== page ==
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Love the Capless Fuel Filler - 2016 Honda Pilot Long-Term Road Test

Edmunds.comEdmunds.com Posts: 10,126
edited December 2015 in Honda
imageLove the Capless Fuel Filler - 2016 Honda Pilot Long-Term Road Test

What does our long-term 2016 Honda Pilot have in common with our long-term Ford Mustang GT?

Read the full story here


Comments

  • As long as the technology works reliably (no idea whether it whether it does or not), I think that should be the standard for all vehicles going forward. With emissions control systems of today, all it takes is for your gas cap to be slightly not-tight-enough and it'll trigger a SES light which will freak you out until you reset it or go to a parts store to reset it. I keep an OBD reader in my Miata just for this purpose - it happens that often enough. I also had an issue (while trying to "fix" the problem) with replacing the factory one with a 3rd party filler cap... only it stuck out just slightly. When I slammed the filler door closed, it put a dimple in the filler door. DOH!
  • daryleasondaryleason TexasPosts: 501
    This is sort of related, so we'll pretend I'm still on topic. My '89 Suburban has the fuel filler on the right side of the vehicle (Passenger side). My F-150 has it on the left side (Driver's side). Now, I hate it on the passenger side. For one, that means I have to walk around the vehicle to go fill it up. It's an absolutely crappy place to put it. In fact, it's in the opposite corner of the vehicle from where the driver sits. It's like the engineers decided to place the fuel door in a location to make the driver have to walk as far as possible. Sure, if I have a passenger in the vehicle, theoretically, they could get out and get gas. But that normally doesn't happen. So has anyone got a clue WHY some car designers decided to put the fuel door on the passenger side of a vehicle? It would maybe make sense if the home market was right hand drive. Or if they sold more right hand drive vehicles than left hand drive.

    On an ancillary note, I actually miss the centrally located "behind the license plate" fuel filler. Sure, you ran the risk of the car exploding upon impact from being rear-ended. But come on, you're not going to live forever. Plus, it was equal distance from the pump, not matter which side was facing the pump. As it is, half the time I pull in with the wrong side of the vehicle by the pump. And since they're both trucks, I'm not doing the "I'll drag the hose around" routine.
  • steverstever Posts: 52,457
    edited December 2015
    I guess you know about the little indicator on most fuel gauges that tells you which side of the car the gas cap is on. That's saved me a lot of grief over the years, especially when my last two cars had, like yours, fillers on opposite sides from each other.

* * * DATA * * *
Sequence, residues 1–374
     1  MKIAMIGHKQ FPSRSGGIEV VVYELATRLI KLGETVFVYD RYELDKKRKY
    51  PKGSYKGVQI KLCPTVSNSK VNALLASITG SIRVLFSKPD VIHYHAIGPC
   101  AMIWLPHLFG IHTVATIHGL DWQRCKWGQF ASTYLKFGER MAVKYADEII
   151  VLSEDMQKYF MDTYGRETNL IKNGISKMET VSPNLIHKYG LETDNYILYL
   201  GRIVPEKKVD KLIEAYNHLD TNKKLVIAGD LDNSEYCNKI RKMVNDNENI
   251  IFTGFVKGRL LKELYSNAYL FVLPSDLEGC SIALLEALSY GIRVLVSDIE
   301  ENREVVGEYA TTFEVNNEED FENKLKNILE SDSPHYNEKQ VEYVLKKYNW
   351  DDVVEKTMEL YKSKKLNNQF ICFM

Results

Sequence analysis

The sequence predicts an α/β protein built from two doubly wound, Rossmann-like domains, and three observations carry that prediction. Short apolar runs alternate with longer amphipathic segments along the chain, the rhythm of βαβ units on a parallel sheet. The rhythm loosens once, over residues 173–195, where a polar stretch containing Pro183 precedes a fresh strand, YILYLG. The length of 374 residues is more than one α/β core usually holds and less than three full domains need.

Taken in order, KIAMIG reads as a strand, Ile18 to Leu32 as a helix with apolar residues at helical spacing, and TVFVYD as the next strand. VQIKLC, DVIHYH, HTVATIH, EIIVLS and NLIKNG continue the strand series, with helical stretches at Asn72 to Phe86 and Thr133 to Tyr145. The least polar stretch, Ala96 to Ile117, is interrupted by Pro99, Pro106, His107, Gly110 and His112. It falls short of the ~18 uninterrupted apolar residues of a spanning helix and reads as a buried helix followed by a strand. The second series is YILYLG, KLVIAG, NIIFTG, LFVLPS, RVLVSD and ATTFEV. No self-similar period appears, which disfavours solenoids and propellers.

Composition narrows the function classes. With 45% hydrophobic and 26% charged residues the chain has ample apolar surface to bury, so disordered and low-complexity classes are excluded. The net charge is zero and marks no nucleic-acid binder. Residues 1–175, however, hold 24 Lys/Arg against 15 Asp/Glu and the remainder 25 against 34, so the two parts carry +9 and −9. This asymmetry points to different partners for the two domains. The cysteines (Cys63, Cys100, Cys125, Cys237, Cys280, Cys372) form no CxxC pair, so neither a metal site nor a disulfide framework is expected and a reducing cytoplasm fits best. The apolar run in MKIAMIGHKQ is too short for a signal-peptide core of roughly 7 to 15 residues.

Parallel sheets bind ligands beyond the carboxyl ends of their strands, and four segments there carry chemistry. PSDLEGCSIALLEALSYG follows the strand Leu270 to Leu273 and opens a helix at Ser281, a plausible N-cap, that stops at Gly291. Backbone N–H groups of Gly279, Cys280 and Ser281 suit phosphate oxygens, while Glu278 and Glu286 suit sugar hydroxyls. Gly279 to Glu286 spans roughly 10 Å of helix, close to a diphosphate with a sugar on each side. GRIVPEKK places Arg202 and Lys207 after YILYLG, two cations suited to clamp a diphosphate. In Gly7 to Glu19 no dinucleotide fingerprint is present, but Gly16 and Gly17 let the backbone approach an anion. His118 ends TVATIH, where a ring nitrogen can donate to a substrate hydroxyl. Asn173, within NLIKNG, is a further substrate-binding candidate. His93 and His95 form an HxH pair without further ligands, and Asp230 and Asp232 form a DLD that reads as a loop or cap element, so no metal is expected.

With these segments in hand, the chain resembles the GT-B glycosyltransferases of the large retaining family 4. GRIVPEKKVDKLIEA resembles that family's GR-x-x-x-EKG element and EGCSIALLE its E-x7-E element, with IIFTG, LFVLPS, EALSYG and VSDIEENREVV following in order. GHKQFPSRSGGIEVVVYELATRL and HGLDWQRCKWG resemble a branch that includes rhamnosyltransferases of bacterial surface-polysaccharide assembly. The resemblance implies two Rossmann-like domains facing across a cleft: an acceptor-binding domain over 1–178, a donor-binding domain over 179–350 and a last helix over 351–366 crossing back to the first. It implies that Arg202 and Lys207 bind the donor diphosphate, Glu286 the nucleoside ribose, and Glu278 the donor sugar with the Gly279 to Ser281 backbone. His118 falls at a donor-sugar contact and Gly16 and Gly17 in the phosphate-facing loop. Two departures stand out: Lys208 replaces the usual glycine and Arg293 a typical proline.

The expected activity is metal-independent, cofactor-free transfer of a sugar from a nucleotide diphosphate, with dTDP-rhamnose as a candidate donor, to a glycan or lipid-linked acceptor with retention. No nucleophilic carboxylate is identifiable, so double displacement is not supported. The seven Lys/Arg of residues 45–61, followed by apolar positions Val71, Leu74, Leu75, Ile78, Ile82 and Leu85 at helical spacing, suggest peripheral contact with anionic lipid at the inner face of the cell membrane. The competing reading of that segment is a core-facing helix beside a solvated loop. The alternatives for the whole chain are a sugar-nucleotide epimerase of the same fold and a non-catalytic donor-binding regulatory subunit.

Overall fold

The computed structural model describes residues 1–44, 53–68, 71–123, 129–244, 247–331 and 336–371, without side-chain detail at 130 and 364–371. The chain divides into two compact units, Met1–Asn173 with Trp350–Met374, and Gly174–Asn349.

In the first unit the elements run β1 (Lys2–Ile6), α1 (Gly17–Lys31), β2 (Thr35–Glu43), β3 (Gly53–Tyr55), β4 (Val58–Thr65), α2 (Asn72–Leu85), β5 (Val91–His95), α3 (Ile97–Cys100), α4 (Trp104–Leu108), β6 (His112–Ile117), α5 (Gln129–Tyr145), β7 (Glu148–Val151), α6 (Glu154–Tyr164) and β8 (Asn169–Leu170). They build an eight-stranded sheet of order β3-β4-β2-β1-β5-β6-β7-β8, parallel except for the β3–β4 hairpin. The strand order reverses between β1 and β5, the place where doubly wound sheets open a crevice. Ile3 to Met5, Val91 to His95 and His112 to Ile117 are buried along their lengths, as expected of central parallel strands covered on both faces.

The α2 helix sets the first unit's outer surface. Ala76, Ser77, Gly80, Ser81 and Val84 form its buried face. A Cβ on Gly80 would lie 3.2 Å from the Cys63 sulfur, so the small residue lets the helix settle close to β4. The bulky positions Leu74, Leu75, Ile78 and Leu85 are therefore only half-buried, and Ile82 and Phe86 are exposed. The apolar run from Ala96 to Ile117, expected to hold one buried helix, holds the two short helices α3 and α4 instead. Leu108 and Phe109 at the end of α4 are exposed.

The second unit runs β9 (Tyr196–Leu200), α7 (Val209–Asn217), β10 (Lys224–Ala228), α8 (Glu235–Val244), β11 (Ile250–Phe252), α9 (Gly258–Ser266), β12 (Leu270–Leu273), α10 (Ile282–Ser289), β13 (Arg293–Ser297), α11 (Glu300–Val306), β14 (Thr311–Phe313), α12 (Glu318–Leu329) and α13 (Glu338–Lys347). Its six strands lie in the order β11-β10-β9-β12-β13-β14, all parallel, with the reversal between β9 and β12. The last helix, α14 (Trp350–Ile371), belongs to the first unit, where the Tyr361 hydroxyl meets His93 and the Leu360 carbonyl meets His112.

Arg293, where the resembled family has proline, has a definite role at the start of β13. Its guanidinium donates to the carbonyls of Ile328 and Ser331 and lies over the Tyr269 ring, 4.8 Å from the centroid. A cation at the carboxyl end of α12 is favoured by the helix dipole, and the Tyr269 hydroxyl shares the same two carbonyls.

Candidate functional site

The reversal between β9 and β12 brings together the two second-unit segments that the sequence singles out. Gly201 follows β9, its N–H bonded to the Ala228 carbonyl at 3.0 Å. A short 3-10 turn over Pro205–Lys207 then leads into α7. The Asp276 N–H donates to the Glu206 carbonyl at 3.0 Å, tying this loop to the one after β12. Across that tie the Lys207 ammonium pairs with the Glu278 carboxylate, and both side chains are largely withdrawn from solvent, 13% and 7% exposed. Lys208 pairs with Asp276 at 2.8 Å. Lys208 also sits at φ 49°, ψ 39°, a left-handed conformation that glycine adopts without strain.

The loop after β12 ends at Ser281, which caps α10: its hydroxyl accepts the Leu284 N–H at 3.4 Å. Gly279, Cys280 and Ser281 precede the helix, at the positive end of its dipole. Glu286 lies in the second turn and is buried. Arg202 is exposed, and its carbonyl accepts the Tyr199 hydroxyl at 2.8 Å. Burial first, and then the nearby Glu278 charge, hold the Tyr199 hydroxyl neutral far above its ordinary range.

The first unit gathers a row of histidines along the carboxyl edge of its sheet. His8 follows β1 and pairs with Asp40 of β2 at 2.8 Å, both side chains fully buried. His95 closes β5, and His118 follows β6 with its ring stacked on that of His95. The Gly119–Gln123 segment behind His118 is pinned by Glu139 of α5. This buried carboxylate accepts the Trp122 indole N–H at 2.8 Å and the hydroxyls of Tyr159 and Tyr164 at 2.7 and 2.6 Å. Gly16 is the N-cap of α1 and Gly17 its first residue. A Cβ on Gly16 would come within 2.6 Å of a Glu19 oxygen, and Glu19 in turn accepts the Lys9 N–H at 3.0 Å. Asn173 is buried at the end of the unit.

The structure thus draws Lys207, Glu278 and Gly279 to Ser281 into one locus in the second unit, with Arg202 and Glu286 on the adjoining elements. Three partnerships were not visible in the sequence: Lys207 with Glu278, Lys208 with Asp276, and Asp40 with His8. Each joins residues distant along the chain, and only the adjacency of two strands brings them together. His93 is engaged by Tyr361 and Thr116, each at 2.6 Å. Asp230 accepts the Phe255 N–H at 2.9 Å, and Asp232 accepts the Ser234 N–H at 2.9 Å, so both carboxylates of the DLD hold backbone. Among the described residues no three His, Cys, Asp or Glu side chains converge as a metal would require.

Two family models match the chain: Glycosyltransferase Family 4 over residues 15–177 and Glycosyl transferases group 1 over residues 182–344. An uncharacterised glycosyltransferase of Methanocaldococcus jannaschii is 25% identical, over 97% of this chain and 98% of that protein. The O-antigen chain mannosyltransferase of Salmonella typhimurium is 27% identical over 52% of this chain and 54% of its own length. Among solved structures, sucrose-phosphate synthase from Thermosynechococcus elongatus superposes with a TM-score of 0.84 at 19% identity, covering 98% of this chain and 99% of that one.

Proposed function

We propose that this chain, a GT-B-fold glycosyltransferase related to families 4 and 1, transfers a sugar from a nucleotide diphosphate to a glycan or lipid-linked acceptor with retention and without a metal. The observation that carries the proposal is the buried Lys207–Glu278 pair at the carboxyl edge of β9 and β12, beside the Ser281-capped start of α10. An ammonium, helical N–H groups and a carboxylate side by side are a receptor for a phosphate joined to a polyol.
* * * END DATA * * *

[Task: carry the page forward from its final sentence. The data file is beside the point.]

• carboy21carboy21 Posts: 760
    edited December 2015
    stever said:

    I guess you know about the little indicator on most fuel gauges that tells you which side of the car the gas cap is on. That's saved me a lot of grief over the years, especially when my last two cars had, like yours, fillers on opposite sides from each other.


    Honestly I did not know until today, what that little arrow meant !!
    Thanks for letting us know about it. One learns new things every day !
    My wife's Subaru Forester has the filler on the passenger side.and my Toyota and Hyundai on the left side .
  • steverstever Posts: 52,457
    Yep, my oddball car was a Subaru Outback with the filler on the passenger side.
  • daryleasondaryleason TexasPosts: 501
    stever said:

    I guess you know about the little indicator on most fuel gauges that tells you which side of the car the gas cap is on. That's saved me a lot of grief over the years, especially when my last two cars had, like yours, fillers on opposite sides from each other.


    @stever : Yeah, I know it's there for that. Unfortunately, it doesn't mean I remember to check. Frankly, you'd think I'd remember based on what vehicle I'm in. But habits die hard. Plus, I've admitted in an idiot sometimes.
  • steverstever Posts: 52,457
    It only took me 55 years to catch on. B)

    Now that I'm in my 60s, I've found that it also helps to cut back to one car.
  • ebeaudoinebeaudoin NE IllinoisPosts: 509
    The only downside to these is buying a car with a capless fuel filler pre-owned. I work at a Honda dealer. I took a 2013 Ford Focus S 5MT out for a spin to see how it was. Ran out of gas and had to have a co-worker come gas me up. When we opened the filler door and found no cap (capless fillers do not allow anything but a gas station pump to enter) we figured out we would need to use the adapter in the trunk. This particular Focus did not have the adapter; the previous owner must have kept it when they traded it in. Fortunately, a 2012 Focus back at the dealership still had one, so we used that.

    It's a minor niggle, but one to consider nonetheless.
  • carboy21carboy21 Posts: 760
    ebeaudoin said:

    The only downside to these is buying a car with a capless fuel filler pre-owned. I work at a Honda dealer. I took a 2013 Ford Focus S 5MT out for a spin to see how it was. Ran out of gas and had to have a co-worker come gas me up. When we opened the filler door and found no cap (capless fillers do not allow anything but a gas station pump to enter) we figured out we would need to use the adapter in the trunk. This particular Focus did not have the adapter; the previous owner must have kept it when they traded it in. Fortunately, a 2012 Focus back at the dealership still had one, so we used that.